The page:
Chapter 10

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# Chapter 10 - PowerPoint PPT Presentation

Print handouts Select File, Print Edit the following selections to read: Select the OK button. Chapter 10. Tolerancing Printing Instructions:. Tolerancing. Tolerances are used to control the variation in size that exists on all manufactured parts.

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Chapter 10

Tolerancing

Printing Instructions:

Tolerancing
• Tolerances are used to control the variation in size that exists on all manufactured parts.
• The amount that a size is allowed to vary depends on the function of the part & its assembly.
• electric drill vs. jet engine
• The more accuracy required in a part (smaller tolerance) the greater the cost.
• Tolerances allow for interchangeable parts, which permits the replacement of individual parts in an assy. instead of replacing the whole system if a part goes bad or fails.
Tolerance
• Tolerance is the total amount a dimension may vary. It is the difference between the maximum size and the minimum size.
• Tolerances can be expressed on a drawing in several ways:
• direct limits, or as tolerance values applied directly to a dimension. (Fig. 10.8)
• geometric tolerances (Fig. 10.25)
• notes referring to specific conditions
• A general tolerance note in the titleblock. (Fig. 10.7)
Dimensions
• Limit dimensions:
• Plus/minus dimensions:
• unilateral
• bilateral
Tolerancing Terms
• Nominal size: the “name” or general size. Often expressed as a fraction.
• Basic size: the theoretical size used as a starting point for the application of tolerances. Nominal size in decimal format.
• Actual size: the measured size of the finished part.
• Limits: the maximum & minimum sizes shown by the toleranced dimension.
• Allowance: the min. clearance or max. interference between 2 parts.
• MMC: the condition of a part in which it contains the most amount of material.

EX: biggest shaft or smallest hole.

• LMC: the condition of a part in which it contains the least amount of material.
Tolerance, MMC, LMC?
• Limit dimensions:
• Plus/minus dimensions:
• unilateral
• bilateral
Complete Worksheet TOL-1
• Remember x.xxxx
• I.e. 0.1234
• I.e. 2.1200
Fit
• Fit: the degree of tightness between mating parts.
• The three most common types of fit found in industry are:
• Clearance fit - there is always a space between the 2 mating parts. (shaft is smaller than the hole)
• Interference fit - the 2 mating parts always interfere with one another in assembly. (shaft is bigger than the hole)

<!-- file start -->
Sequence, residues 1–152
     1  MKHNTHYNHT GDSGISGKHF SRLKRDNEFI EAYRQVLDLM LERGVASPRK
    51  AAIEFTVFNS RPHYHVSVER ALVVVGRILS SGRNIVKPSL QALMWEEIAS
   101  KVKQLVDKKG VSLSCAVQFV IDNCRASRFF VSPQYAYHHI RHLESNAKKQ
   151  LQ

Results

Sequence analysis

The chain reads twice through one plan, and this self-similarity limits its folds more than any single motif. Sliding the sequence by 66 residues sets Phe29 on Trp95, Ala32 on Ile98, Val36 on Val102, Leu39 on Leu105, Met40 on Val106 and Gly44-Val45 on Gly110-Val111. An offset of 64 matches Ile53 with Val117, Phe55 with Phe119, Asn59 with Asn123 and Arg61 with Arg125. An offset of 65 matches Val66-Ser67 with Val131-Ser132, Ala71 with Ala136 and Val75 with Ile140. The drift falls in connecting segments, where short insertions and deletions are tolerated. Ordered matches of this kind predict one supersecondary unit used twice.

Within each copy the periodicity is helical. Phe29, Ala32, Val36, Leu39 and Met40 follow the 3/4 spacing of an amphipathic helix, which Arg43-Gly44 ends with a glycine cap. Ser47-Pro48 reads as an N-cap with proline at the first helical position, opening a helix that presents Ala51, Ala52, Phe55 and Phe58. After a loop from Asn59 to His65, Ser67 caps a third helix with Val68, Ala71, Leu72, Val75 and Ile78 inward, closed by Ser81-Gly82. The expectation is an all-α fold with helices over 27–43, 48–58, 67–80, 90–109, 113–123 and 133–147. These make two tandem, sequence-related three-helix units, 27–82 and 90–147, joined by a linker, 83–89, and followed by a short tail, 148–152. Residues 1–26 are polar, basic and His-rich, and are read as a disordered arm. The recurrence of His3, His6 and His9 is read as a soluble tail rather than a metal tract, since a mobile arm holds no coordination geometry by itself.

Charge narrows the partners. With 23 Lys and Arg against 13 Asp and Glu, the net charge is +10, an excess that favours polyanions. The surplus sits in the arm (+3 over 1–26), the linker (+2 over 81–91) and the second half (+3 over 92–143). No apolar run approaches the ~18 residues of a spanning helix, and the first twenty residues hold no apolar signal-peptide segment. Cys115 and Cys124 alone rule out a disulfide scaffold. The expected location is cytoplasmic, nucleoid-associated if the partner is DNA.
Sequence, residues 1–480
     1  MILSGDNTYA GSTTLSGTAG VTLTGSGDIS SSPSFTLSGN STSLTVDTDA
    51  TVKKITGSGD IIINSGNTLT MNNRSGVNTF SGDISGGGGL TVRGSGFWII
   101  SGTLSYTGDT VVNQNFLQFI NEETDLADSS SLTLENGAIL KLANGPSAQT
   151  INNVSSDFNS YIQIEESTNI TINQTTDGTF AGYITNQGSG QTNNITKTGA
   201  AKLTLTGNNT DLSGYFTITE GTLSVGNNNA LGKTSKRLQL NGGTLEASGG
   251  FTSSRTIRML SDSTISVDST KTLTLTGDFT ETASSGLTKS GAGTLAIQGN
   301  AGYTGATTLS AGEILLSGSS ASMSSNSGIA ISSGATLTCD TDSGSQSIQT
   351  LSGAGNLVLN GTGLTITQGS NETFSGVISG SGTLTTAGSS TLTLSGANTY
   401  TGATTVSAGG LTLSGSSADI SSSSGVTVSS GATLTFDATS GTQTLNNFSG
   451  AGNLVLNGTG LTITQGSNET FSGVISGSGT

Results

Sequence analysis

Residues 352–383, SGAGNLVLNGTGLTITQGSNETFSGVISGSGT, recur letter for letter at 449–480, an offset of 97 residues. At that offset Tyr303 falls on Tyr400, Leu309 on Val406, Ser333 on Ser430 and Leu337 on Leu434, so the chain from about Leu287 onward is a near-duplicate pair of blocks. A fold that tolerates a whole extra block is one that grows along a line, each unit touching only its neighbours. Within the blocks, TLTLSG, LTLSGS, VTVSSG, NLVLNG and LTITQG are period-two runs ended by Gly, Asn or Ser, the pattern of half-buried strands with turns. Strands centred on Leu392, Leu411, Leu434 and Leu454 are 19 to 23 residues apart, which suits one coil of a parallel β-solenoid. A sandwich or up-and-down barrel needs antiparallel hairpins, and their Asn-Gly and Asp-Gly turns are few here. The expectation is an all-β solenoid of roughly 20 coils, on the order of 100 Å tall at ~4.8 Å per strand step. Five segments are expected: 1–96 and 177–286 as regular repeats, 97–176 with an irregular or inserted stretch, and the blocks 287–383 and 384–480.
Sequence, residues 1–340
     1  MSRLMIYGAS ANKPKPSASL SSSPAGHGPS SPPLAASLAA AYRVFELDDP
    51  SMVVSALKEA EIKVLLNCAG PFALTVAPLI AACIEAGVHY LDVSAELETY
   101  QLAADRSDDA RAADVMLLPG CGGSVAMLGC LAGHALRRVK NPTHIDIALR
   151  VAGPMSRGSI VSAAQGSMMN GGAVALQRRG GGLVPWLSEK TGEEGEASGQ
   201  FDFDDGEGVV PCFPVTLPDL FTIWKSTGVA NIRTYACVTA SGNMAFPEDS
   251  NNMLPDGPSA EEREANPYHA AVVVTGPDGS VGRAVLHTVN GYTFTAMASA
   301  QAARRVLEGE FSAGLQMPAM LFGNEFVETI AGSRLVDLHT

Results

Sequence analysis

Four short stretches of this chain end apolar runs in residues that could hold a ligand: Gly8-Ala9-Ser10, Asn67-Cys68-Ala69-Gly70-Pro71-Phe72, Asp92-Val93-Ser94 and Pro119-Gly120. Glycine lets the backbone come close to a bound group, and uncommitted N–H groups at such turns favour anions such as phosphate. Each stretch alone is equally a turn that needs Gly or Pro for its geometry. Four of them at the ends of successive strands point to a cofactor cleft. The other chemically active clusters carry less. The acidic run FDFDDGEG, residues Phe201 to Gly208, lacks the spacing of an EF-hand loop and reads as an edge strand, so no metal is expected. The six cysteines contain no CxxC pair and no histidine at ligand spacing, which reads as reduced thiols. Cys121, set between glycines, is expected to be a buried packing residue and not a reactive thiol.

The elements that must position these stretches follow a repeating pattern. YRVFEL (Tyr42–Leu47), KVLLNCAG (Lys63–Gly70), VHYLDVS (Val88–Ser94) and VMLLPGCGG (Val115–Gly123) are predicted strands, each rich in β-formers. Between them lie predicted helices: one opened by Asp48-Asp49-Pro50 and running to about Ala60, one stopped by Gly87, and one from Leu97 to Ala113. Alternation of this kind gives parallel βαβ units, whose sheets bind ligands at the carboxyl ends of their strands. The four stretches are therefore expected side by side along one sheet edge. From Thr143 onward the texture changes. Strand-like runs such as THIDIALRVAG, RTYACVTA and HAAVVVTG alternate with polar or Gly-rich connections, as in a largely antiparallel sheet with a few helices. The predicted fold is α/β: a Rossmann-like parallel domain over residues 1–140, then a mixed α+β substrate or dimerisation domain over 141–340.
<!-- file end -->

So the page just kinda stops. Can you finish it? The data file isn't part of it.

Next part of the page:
• Transition fit - sometimes a clearance fit & sometimes an interference fit between the mating parts.
Do on ownpage 335, Figure 10.1a
• Hole Tolerance?
• Shaft Tolerance?
• Minimum clearance?
• Maximum clearance?
• Allowance?
ANSI Standard Fits
• A group of English usit tolerance relationships called preferred precision fits have been developed. They are specified in ANSI B4.1.
• The five classes are:
• Running & sliding fits (RC)
• Clearance locational fits (LC)
• Transition locational fits (LT)
• Interference locational fits (LN)
• Force or shrink fits (FN)
• These tolerances are specified in Appendix 5 through 9, pages a25-a32. The values in these tables are given in THOUSANDTHS of an inch. Example: 1.2 = 0.0012
Class RC9: Running & Clearance FitBasic DIA = 2.0000
• Hole
• Shaft
• Shaft Tolerance =
• Hole Tolerance =
• Max. Clearance =
• Min. Clearance =
Class FN2:Medium Drive fitBasic DIA = 0.5000
• Hole
• Shaft
• Shaft Tolerance =
• Hole Tolerance =
• Max Interference =
• Min Interference =
Metric Fit - Terms
• Basic size: size to which limits of deviation are assigned. (Fig.10.1, p 343)
• Must be same for both parts
• Basic sizes selected from chart in Table 10.2
• Deviation: difference between the actual size and the basic size. (Fig. 10.14)
• Upper deviation: difference between the max. size limit & the basic size.
• Lower deviation: difference between the min. size limit & the basic size.
• Fundamental deviation: the deviation closest to the basic size. (Fig. 10.18)
• Capital H indicates Hole
• Lowercase letter, I.e. f , indicates shaft
Metric Fit – Terms cont’d
• International Tolerance Grade (IT): a group of tolerances that vary depending upon the basic size, but have the same level of accuracy within a given grade. (Fig 10.18)
• There are 18 IT grades. The smaller the grade number, the smaller the tol. zone.
• See Appendix 10 for IT grades.
Preferred Metric Fits
• There are 2 systems used to indicate preferred fits in the metric system.
• Hole basis: the system of fits where the min. hole size is the basic size. The fundamental deviation for a hole basis system is indicated by a capital “H”.
• EX. 50H8

(50 = DIA in mm) (Basic size)

(H = using Basic Hole system) (fundamental deviation)

(8 = closest running fit) (IT grade)

• For mating part 50H8/f7 (Appendix 11)
• Hole Limits?
• Shaft Limits?
• Fit?
Preferred Metric Fits
• The second system used to indicate preferred fits in the metric system.
• Shaft basis: the system of fits where the max. shaft size is the basic size. The fundamental deviation for a shaft basis system is indicated by a lowercase letter.
• EX. 50h7

(50 = DIA in mm) (Basic size)

(h = using Basic Shaft system) (fundamental deviation)

(7 = closest running fit)

• For mating part 50F8/h7 (Appendix ?)
• Limits and Fits?
• Hole Limits?
• Shaft Limits?
• Fit?
Try the following problem
• Basic DIA 41mm
• Use Hole Basis System
• Sliding
Try the following problem
• Basic DIA 41mm
• Use Shaft Basis System
• Sliding
Try the following problem
• Basic DIA 58mm
• Use Shaft Basis System
• Force Fit
Look Up
• What type of fit is a 6 H7/s6?
• Hole or Shaft Basis System?